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Week In Review

Santa shuns potty-mouth Toronto Mayor Rob Ford (and other links that wouldn’t fly) Add to ...

These are stories Report on Business followed this week.

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Situations that wouldn't fly
There’s a mad rush to get as far away as possible from any association with Rob Ford.

The Toronto Argonauts, no doubt cringing as the mayor went potty-mouth wearing a club jersey, quickly distanced themselves.

The Santa Claus Parade asked him not to walk in Sunday’s event so it could “put the focus back on Santa and Mrs. Claus” (who would never talk like that).

And Ford Motor Co. noted it had not authorized the use of its renowned logo by his supporters. (“We’re very serious about defending the trademark,” said spokesman Jay Cooney in Detroit. “It’s not Rob Ford. It’s anybody.”)

All of which got me dreaming up a few unlikely associations that wouldn’t fly:

1. Canadian Payday Loan Association, and Senator Mike Duffy

2. The Bargain Shop (Toronto), and Barrick Gold Corp.’s compensation committee

3. Planned Parenthood, and Arnold Schwarzenegger

4. National Trust and Savings Association, and Bernie Madoff

5. Women’s Christian Temperance Union (whose Toronto headquarters were at Bay and Elm Streets in the late 1800s, not on the Danforth), and Rob Ford

6. Prim and Proper Photography (McDonough, Ga.), and Alison Pill

7. The Party Shop (Brescia, Italy), and Silvio Berlusconi

8. Kiss the Bride Wedding Boutique (St. Augustine, Fla.), and Tiger Woods

9. Virgin Group, and Michael Douglas

10. The publisher of Enjoying French Meals For Dummies, and Quebec’s language police

11. Coke and Mayor Ford, after he admitted it was the real thing

12. TextSecure, and Anthony Weiner

13. Hasbro’s Monopoly game, and Canada’s phone companies. And banks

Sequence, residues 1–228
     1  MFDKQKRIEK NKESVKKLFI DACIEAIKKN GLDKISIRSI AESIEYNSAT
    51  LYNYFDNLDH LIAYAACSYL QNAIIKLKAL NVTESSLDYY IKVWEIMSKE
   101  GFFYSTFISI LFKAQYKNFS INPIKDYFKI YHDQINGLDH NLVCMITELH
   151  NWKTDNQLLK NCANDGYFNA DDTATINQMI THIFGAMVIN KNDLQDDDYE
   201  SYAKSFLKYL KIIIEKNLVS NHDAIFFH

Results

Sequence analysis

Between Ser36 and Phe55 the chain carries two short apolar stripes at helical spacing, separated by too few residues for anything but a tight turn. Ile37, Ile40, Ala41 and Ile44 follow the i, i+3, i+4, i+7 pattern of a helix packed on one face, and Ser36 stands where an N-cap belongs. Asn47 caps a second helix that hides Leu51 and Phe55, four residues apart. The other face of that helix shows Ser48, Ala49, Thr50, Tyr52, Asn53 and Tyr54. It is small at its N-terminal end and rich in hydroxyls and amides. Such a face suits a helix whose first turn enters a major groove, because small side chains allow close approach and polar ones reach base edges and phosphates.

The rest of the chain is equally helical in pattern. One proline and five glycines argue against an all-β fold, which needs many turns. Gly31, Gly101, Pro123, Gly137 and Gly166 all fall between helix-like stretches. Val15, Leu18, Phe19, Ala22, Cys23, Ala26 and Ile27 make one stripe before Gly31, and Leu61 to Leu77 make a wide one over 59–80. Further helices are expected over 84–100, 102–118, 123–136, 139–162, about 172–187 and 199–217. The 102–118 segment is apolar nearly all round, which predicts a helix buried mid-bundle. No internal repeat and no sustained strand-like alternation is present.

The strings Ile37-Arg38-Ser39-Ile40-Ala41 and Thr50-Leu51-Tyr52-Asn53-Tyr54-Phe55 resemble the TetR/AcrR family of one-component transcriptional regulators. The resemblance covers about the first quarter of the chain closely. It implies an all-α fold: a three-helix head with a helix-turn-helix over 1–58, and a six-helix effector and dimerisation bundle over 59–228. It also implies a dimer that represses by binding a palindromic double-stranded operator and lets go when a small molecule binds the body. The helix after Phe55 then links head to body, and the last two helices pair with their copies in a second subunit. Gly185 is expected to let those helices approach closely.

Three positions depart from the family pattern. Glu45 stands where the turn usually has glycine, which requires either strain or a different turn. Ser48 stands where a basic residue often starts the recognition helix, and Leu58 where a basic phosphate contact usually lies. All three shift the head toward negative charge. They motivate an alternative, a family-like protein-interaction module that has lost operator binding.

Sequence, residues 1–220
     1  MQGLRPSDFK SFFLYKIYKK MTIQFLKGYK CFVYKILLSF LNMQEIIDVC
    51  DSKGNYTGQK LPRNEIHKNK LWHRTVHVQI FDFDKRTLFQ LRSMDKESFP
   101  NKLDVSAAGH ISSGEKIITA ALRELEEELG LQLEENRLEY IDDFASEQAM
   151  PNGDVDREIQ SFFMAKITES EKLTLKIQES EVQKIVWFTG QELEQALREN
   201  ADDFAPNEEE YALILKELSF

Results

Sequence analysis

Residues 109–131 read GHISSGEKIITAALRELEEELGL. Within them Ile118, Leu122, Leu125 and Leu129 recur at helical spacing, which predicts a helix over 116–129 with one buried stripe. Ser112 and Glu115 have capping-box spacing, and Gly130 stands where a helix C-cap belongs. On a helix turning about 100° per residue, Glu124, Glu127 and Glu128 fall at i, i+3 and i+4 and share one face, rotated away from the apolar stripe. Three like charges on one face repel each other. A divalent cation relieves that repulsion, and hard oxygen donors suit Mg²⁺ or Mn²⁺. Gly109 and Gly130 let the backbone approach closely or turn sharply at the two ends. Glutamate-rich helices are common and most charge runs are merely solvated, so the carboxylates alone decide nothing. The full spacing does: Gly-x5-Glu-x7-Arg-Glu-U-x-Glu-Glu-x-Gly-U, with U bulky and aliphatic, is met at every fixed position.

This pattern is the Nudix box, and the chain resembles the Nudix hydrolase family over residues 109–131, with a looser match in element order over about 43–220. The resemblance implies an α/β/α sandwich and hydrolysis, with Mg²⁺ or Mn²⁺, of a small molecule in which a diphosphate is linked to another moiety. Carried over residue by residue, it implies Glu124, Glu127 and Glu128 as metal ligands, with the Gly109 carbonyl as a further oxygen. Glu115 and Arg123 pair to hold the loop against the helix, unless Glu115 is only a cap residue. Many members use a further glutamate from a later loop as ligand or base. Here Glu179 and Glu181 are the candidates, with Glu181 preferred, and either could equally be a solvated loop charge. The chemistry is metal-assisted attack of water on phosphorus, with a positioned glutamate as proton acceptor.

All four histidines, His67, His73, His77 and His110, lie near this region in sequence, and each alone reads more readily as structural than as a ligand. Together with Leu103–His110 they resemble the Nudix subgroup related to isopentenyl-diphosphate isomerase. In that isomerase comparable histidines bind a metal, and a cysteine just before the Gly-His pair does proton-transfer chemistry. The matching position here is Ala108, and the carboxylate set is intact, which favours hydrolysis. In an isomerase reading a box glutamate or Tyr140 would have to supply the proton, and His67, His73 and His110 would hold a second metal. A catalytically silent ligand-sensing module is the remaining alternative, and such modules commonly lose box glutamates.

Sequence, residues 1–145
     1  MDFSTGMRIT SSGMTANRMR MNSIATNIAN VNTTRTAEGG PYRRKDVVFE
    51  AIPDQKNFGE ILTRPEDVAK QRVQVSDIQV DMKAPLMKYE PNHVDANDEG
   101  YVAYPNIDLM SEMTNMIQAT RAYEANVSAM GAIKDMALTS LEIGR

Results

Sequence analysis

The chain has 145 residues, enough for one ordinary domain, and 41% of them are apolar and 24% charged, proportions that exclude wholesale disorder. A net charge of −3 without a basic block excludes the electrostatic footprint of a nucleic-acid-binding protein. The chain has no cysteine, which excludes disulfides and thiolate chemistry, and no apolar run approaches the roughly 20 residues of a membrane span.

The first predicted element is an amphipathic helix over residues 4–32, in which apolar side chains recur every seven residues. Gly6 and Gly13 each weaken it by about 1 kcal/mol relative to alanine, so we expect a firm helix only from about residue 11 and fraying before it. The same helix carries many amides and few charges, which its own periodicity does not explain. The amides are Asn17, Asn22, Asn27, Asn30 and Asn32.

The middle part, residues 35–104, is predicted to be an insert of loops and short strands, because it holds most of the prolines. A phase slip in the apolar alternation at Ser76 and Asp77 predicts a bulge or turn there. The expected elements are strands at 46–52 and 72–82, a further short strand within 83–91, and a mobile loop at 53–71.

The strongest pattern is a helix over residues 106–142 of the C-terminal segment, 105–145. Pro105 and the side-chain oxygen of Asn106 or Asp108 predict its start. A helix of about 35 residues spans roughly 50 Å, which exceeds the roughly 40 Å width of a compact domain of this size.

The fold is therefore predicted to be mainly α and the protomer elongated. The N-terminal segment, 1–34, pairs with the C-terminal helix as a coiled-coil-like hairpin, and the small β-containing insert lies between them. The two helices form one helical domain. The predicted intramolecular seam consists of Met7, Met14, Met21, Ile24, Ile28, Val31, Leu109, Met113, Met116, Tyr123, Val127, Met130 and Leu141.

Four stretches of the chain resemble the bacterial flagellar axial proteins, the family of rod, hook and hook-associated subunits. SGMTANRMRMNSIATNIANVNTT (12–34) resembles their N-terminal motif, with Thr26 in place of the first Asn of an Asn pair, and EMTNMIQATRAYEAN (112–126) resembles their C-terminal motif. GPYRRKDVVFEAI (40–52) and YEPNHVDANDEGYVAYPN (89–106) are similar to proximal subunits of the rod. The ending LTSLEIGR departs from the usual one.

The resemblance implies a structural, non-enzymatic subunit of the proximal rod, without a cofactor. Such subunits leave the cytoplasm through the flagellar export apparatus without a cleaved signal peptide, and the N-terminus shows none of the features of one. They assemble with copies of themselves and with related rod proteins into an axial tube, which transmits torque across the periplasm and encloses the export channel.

14. Company Rescue Co. (London), and Nortel Networks

15. Society for Business Ethics, and Enron

16. The World Gold Council, and Bre-X

Then there’s the other side, where associations just might ring true:

1. Seethrough Concept Store (Kuala Lumpur), and Lululemon

2. The Bubble Room (Captiva, Fla.), and Canadian condo developers

3. Outrageous Boutique (Plainview, N.Y.), and Barrick Gold Corp.’s compensation committee

4. Virgin Group, and the Jonas Brothers

5. The Spare Parts Company (Philadelphia), and Nortel Networks

6. The Rent All Centre, and Hugh Grant

7. Second Chance (London), and BlackBerry

Europe, Japan slow
Several of Europe's economies have stalled, and Japan's has slowed, snuffing out some of the optimism five years after the start of the financial crisis.

The economy of the 17-member euro zone expanded by just 0.1 per cent in the third quarter of the year, according to official statistics this week, while that of the bigger 18-country European Union grew by  0.2 per cent.

Notable are the troubles of the major countries, such as Germany, where growth slowed to 0.3 per cent, and France and Italy, whose economies contracted by 0.1 per cent.

Unemployment remains high across Europe, with some 27 million people out of work, and is absolutely crippling in countries such as Greece and Spain.

In Japan, according to the Cabinet Office this week, economic growth slows to an annual pace of 1.9 per cent in the third quarter, from 3.8 per cent in the second, spelling a setback for Prime Minister Shinzo Abe and his "Abenomics' program.

Yellen, Carney in spotlight
Two of the world's major central bankers were front and centre this week, one with a new message, the other with an old.

First up was Bank of England Governor Mark Carney, on Wednesday, who sent markets for a loop by suggesting the country's jobless rate could ease to 7 per cent as early as the third quarter of 2015, compared to an earlier projection of 2016.